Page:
With continued reference to FIG. 9, after silicon precursor gas removal 110, the silicon layer can be reacted 120 with a reactive species for formation of a silicon-containing compound layers. Such a reactive species can include, as noted above, a reactive nitrogen species for forming silicon nitride layers, or a reactive oxygen species for forming silicon oxide layers. Preferably, the silicon layer formed in Step 100 is exposed to the inflowing reactive species for a duration sufficient to completely stoichiometrically react with the reactive species. More preferably, the reaction conditions are chosen to completely react the silicon layer formed and to avoid damage to underlying structures, as discussed in more detail below with respect to the formation of silicon nitride layers. Where the silicon-containing compound layers are silicon nitride layers, the reactive nitrogen species preferably comprises nitrogen radicals. In other embodiments, the reactive nitrogen species can be ammonia.

As discussed above, the nitrogen radicals can be generated in various ways. In preferred embodiments, the nitrogen radicals are generated by the application of a high frequency electrical power, preferably in the GHz range. For example, using microwave energy, the remote plasma generator 60 (FIGS. 1 and 2) can be used to generate radicals for entry into the chamber 12.

In another example, for the batch reaction chamber 526 (FIG. 6), the nitrogen radicals are generated in a remote microwave radical generator (MRG) from MKS Instruments. The radicals can be generated by flowing about 1 to about 5 slm N2 through the MRG under the application of about 3 kW microwave power at about 2.45 GHz. Optionally, the remotely generated radicals can be distributed over the entire wafer load by the use of one or more gas injectors, as discussed above. Alternatively, the nitrogen radicals can also be generated inside the furnace chamber, preferably over the entire length of the vertically elongated chamber. This can be achieved by the coupling of high frequency electrical power into the process tube. In the embodiment of FIGS. 7 and 8, this coupling occurs through a coil that is inserted into the process tube. As noted above, the coil is preferably placed inside a protective tube of electrically insulating material, and this tube is preferably evacuated to pressures below about 100 mTorr to avoid the generation of plasma inside the tube.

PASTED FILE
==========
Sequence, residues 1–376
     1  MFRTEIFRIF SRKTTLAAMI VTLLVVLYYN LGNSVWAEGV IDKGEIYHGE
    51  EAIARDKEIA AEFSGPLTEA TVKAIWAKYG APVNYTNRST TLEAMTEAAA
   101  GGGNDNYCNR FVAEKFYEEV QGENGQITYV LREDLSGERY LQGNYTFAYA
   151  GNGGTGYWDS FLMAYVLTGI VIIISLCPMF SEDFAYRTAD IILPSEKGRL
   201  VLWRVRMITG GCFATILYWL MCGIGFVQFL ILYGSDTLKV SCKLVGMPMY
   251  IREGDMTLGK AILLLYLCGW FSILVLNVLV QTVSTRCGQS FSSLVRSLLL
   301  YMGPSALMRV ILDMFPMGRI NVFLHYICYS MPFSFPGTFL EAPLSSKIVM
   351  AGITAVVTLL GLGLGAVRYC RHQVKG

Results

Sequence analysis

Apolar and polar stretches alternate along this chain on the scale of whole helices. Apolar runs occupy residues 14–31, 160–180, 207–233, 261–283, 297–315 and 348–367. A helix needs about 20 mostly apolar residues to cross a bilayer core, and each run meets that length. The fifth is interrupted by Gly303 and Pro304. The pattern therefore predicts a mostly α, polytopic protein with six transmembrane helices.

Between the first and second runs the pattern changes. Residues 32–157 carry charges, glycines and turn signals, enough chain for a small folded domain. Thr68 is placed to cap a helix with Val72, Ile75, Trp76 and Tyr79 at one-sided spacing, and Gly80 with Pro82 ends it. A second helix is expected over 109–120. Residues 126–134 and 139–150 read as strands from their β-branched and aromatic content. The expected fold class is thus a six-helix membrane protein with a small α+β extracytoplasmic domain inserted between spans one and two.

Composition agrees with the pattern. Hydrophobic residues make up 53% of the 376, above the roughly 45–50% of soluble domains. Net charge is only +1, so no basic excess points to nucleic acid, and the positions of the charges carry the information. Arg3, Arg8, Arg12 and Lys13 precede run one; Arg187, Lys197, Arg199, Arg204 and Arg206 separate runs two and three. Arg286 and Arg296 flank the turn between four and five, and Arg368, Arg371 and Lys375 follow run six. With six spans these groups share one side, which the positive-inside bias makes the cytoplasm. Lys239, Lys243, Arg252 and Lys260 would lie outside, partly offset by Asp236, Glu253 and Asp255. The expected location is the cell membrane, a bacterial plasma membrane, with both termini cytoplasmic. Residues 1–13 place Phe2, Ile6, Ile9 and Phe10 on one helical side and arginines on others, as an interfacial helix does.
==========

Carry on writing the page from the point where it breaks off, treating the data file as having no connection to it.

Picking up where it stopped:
It will be appreciated that formation of the silicon-compound layer 120 can include reaction of the silicon layer with more than one reactive species, even where the atomic species of interest for the different reactive species is the same. For example, where the atomic species of interest is nitrogen to form silicon nitride layers, a beneficial effect is observed by the use of an NH3 flow in addition to a nitrogen radical flow. This NH3 is fed directly in the process tube, rather than via the radical generator. Although non-activated NH3 reacts minimally with silicon at temperatures below 500° C., it has been found that the addition of non-activated NH3 to the nitrogen radicals results in a more fully nitrided amorphous silicon layer, as evidenced by a lowered refractive index. Without being limited by theory, it is believed that the nitrogen radicals from a remote plasma generator activate the ammonia within the process chamber. In contrast, nitrogen radicals alone leave a slightly silicon-rich silicon nitride film, as evidenced by a slightly higher refractive index. It has also been found that ammonia provided through the remote MRG actually decreased the nitridation effect, even relative to nitrogen radicals alone.